Building a Bigger Clevor
Andrew Grubb; Ontario, Canada: I am planning the build of a 351, Windsor-based, 427 stroker engine with around 600 hp that is as streetable as possible. Do you think it is worth spending the extra $2,000 for a Dart block that allows the capability to run a 4.125-inch bore, so that a shorter (less than 4-inch) stroke can be used? Most stroker kits use an excessively long stroke that can significantly reduce engine life, so the extra initial investment of the Dart block may be worthwhile in the long run. Also, would having a shorter stroke and a larger bore create a more high-end power engine (spinning up to 7,000 rpm or so)? What are the main benefits of using Cleveland-style heads, and would it really be worth the effort over a set of say, AFR 205cc (PN 1450) ported heads? I intend to run on pump gas, and the compression will be around 10.5:1 with forged internals.
The car will be light (around 2,500 to 3,000 pounds) and will see mostly street use but an increasing amount of track time (road course). I am going to be putting this into either a Cobra replica and/or a stripped out '66-ish Mustang coupe. I am hoping to spend less than 10K on the engine, $12K if it is a Dart block. If you would like to take a stab at how much horsepower and torque this thing will make, I definitely won't stop you.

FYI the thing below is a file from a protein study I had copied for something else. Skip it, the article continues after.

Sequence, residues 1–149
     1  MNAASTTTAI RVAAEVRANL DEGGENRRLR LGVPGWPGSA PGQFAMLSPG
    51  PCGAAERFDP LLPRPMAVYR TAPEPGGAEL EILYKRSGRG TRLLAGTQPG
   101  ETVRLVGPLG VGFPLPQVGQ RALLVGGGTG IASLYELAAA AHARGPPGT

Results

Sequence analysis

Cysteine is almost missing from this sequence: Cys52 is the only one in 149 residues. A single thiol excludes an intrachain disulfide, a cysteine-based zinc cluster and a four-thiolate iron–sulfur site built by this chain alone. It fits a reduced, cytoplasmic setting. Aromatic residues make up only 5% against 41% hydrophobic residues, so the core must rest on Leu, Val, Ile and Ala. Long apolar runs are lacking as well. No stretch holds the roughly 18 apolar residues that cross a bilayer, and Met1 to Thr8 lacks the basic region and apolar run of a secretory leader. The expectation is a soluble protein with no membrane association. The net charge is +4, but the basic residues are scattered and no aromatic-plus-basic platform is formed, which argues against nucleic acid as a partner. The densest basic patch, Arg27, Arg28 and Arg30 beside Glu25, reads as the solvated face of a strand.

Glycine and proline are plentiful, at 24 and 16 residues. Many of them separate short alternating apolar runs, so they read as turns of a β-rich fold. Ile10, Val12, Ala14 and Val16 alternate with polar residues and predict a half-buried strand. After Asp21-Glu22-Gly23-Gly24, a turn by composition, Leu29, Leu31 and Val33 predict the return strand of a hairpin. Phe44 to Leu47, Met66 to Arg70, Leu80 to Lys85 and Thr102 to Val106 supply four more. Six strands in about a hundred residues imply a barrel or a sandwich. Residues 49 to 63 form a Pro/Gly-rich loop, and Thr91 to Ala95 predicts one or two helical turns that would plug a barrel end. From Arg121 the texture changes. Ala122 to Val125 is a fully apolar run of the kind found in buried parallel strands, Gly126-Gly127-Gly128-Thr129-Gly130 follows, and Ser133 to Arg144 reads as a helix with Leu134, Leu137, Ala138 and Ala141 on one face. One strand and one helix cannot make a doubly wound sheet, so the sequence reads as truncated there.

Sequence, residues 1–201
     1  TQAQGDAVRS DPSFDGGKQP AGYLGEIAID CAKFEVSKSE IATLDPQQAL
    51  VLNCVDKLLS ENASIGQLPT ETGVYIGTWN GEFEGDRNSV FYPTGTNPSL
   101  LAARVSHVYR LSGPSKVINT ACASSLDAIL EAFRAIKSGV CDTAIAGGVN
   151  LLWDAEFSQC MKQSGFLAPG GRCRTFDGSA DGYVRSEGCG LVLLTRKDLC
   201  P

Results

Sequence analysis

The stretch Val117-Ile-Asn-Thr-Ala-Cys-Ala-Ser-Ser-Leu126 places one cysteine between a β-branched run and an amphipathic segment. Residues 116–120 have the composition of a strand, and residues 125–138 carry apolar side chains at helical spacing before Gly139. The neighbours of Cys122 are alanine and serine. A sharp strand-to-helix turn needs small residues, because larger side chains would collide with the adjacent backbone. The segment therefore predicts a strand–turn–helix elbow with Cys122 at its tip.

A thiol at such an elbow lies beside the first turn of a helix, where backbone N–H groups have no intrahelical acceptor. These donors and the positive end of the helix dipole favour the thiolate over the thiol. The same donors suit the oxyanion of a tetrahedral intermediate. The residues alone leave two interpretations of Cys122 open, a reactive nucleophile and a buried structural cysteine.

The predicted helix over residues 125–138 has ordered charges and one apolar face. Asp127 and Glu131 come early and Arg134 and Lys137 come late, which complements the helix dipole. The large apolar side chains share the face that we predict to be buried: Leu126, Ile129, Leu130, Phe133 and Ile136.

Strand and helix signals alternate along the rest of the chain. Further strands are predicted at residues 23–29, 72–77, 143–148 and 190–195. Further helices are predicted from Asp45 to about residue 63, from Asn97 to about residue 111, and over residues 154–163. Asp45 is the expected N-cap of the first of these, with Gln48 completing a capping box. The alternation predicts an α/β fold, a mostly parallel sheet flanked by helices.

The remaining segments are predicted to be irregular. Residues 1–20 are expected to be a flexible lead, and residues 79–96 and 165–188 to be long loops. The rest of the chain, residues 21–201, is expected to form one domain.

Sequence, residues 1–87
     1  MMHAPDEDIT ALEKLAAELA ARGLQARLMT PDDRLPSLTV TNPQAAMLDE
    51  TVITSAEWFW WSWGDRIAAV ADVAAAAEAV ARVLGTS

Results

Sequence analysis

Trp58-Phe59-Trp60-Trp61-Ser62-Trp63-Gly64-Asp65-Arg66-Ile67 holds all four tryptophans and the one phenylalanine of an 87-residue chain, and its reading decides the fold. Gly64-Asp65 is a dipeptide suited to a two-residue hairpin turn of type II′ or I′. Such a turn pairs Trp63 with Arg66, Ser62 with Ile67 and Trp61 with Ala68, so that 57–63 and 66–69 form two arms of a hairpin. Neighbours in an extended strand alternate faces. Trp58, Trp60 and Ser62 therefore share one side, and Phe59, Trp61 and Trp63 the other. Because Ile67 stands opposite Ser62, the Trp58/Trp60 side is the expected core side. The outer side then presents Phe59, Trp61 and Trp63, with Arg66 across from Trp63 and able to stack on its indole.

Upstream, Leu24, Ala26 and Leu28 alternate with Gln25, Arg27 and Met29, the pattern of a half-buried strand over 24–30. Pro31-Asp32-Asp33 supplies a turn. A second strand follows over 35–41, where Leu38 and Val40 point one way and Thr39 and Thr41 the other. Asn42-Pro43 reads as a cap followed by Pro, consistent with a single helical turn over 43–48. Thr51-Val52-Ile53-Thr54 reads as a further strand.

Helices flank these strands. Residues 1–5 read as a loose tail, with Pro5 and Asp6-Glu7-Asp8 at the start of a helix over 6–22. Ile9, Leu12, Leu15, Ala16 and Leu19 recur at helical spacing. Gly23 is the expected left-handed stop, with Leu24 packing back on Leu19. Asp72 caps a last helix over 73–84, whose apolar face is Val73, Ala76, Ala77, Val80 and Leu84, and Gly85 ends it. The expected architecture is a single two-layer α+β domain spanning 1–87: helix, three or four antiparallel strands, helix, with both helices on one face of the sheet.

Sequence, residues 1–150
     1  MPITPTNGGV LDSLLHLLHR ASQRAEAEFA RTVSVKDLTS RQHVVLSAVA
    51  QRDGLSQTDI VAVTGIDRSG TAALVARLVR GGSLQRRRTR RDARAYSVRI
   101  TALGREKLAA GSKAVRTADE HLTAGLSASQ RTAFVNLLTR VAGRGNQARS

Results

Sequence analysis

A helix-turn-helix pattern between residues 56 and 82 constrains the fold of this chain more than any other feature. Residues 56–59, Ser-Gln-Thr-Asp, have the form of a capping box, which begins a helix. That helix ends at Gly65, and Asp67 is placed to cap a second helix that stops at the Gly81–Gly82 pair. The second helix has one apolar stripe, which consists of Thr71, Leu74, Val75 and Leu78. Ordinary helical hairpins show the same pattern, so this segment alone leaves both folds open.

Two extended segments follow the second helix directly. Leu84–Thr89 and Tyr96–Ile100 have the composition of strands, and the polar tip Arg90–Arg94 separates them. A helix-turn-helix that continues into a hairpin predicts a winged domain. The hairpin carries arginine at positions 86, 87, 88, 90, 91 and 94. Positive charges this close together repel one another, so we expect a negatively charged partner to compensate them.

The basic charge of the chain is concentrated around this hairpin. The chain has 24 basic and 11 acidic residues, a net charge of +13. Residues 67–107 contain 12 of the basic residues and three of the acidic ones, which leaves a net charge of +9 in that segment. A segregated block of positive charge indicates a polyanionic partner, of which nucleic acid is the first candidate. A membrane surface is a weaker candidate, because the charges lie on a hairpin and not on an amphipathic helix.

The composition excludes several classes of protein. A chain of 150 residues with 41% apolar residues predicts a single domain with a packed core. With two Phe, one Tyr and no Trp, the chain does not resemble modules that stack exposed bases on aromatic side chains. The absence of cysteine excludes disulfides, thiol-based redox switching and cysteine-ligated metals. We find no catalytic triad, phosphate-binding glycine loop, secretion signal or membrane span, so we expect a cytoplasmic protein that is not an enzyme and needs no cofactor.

Jeff Smith: Wow, Andrew, there's plenty to cover here. It's my opinion that you are always better off with a new, aftermarket block, especially if you intend to spin this engine beyond 6,000 rpm. An original Ford 351W block that is now 40-plus years old may not be durable enough to justify the cheap initial investment considering the amount of money you have to invest in machine work, particularly if you want to convert from two-bolt to four-bolt mains. To do all the proper machine work on a stock block, including adding four-bolt main caps (which cost roughly $325 for the caps), you're looking at spending $1,300 to $1,600. We priced the Dart SHP 351W block from Summit Racing (PN 31365235) at $1,865.41, plus freight. Want more reasons? Don Barrington at Barrington Machine mentioned that the Dart block has a priority main oiling system as compared with the stock 351W orientation, in which one lifter bank also feeds the main and rod bearings. If you were going to use the stock block, Don suggests bushing the lifter bores to reduce the oil-feed size to the lifters, thereby directing more oil to the mains. Plus, the Dart SHP block uses the smaller 2.749-inch Cleveland main-bearing journal diameter compared with the Windsor's larger 3-inch one. This reduces the bearing speed, which cuts down oil shear—a serious consideration for a track-day engine that will see lots of continuous rpm. Based on all these considerations, plus the Dart's inherent strength, the decision appears to be relatively easy. If that's not enough, the Dart block's much thicker cylinder walls allow punching the bores out to a maximum of 4.185 inches. That combined with a shorter 3.85-inch stroke creates a 424ci engine, which is fairly close to the desired 427 ci. You mention you would like to push this engine up to 7,000 rpm, but keep in mind that with a larger-displacement engine, you will be able to make 600 hp at a lower rpm, so you don't have to spin the engine quite that high. A longer-duration camshaft that is necessary to make the power at higher engine speeds also pushes the torque peak rpm higher, which helps produce more horsepower. For example, if an engine makes 400 lb-ft of torque at 4,000 rpm, that amounts to 304 hp. But make that same 400 lb-ft at 6,000 rpm, and you get a much higher 457 hp. So you can see that moving the torque higher in the rpm band is worth horsepower. But in the best tradition of no free lunch, that higher engine speed is also abusive on parts such as connecting rods and especially hard on the valvetrain. Often, a component like a valvespring that will live forever at 6,000 rpm can die a quick death when subjected to near-continuous use at 6,500 to 6,800 rpm.